The thing I love most is a good problem, and data engineering offers many of these. "How can I make this cheap, fast, and scalable?", "Why did this job run out of memory?" and so on, all these questions happen more or less regularly and prove hard and interesting. My main measure of performance is delivery: if the data team is delivering what is expected of us. I'm lucky to have worked with excellent data scientists that not only crush it at the statistics/machine learning level, but are also excellent software engineers and write robust code. That is not the norm, and I'm very grateful for this.

What are the core skills that you think are important in your job, especially if you want to develop your Data Science/Engineering career?

Even though it is not the sexiest technology, a good knowledge of SQL is always necessary for data engineering. Also, there are many problems that can be solved almost instantaneously with SQL and are way more complex in other languages. Aside from this "base", most data engineers need to be proficient with at least one programming language (better if two, and better if these are Python and Scala). There is also a trend towards DataOps as well, where knowledge of deployment, machine tuning and infrastructure are also appreciated, and for these you'd probably need to know a bit of Kubernetes, Docker and Terraform, to name some general "in use" tools in the area.

The industry demand for Data Engineers is constantly on the rise and with it more and more software engineers and recent graduates try to enter the field. Data Engineering is a discipline notorious for being framework-driven and it is often hard for newcomers to find the right ones to learn. What technology are you most excited about? Share top 3 data engineering frameworks to learn, please.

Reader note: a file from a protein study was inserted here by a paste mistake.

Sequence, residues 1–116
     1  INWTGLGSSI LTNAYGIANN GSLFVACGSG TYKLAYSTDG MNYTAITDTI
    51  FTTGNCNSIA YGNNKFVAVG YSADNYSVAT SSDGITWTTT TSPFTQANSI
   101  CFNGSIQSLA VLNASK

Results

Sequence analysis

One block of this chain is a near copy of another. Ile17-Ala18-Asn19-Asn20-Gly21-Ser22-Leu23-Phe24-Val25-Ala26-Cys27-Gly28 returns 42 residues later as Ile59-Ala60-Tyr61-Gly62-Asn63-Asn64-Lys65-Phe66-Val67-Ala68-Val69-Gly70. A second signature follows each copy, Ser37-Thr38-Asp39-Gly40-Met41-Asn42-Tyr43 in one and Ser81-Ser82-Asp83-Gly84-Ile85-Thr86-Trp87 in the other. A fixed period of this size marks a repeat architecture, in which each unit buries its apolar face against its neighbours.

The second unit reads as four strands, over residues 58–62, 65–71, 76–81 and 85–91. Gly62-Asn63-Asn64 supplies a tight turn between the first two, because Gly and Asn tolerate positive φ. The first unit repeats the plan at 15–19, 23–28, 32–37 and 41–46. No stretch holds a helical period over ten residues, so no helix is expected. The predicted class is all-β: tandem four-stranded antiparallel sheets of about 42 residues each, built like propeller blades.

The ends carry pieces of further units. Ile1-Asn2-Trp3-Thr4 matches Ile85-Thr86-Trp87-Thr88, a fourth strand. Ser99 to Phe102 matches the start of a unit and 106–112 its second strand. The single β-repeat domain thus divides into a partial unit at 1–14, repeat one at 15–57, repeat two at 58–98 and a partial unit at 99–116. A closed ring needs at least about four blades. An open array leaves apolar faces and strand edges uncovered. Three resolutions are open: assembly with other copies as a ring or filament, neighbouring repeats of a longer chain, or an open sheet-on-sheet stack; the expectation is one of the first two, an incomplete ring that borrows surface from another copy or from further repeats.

Aside from Apache Spark, which is the one I use most often, I'm very interested in seeing where Ray and Dask lead to. To round it to 3, Apache Flink is probably the framework you want for streaming: as nice as Spark Streaming might be if you are used to Spark, Flink's model and semantics feel much better.

‘I love working with data because…'

It's so much fun! There's always something new to learn in the area, some new tool to try, some new insight to discover.

What's Your Data Resolution for 2021?

Get proficient with a new framework (probably one of those I mentioned before).

We thank Ruben for the thoughtful answers!

At the conference, he is going to speak on the topic: Keeping identity graphs in sync with Apache Spark.
If you want to attend Ruben’s talk and to discuss some questions “in person” you can join us on the 16th of April!

The lineup of speakers is incredible. Topics are diverse. Suitable for any level. Interesting Q&A sessions in Spatial Chat. New career opportunities.

Data is all around you.

Registration is free
Website

Join us!